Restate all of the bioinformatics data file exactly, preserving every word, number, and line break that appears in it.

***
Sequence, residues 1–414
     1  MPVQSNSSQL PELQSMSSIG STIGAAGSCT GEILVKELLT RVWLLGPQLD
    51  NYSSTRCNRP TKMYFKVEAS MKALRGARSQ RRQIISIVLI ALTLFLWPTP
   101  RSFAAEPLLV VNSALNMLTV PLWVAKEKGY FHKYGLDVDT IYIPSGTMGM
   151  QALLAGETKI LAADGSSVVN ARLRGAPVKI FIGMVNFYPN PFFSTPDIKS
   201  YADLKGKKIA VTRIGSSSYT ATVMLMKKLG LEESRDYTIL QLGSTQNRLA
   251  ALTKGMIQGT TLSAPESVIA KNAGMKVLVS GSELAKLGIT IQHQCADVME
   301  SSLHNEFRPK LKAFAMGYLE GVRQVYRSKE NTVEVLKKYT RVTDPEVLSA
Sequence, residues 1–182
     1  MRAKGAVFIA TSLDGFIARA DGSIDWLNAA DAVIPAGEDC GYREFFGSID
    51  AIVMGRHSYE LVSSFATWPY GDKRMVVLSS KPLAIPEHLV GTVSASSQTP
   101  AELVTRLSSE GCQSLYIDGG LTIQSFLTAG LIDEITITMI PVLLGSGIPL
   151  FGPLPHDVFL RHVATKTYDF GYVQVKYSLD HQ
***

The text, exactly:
Sequence, residues 1–414
     1  MPVQSNSSQL PELQSMSSIG STIGAAGSCT GEILVKELLT RVWLLGPQLD
    51  NYSSTRCNRP TKMYFKVEAS MKALRGARSQ RRQIISIVLI ALTLFLWPTP
   101  RSFAAEPLLV VNSALNMLTV PLWVAKEKGY FHKYGLDVDT IYIPSGTMGM
   151  QALLAGETKI LAADGSSVVN ARLRGAPVKI FIGMVNFYPN PFFSTPDIKS
   201  YADLKGKKIA VTRIGSSSYT ATVMLMKKLG LEESRDYTIL QLGSTQNRLA
   251  ALTKGMIQGT TLSAPESVIA KNAGMKVLVS GSELAKLGIT IQHQCADVME
   301  SSLHNEFRPK LKAFAMGYLE GVRQVYRSKE NTVEVLKKYT RVTDPEVLSA
Sequence, residues 1–182
     1  MRAKGAVFIA TSLDGFIARA DGSIDWLNAA DAVIPAGEDC GYREFFGSID
    51  AIVMGRHSYE LVSSFATWPY GDKRMVVLSS KPLAIPEHLV GTVSASSQTP
   101  AELVTRLSSE GCQSLYIDGG LTIQSFLTAG LIDEITITMI PVLLGSGIPL
   151  FGPLPHDVFL RHVATKTYDF GYVQVKYSLD HQ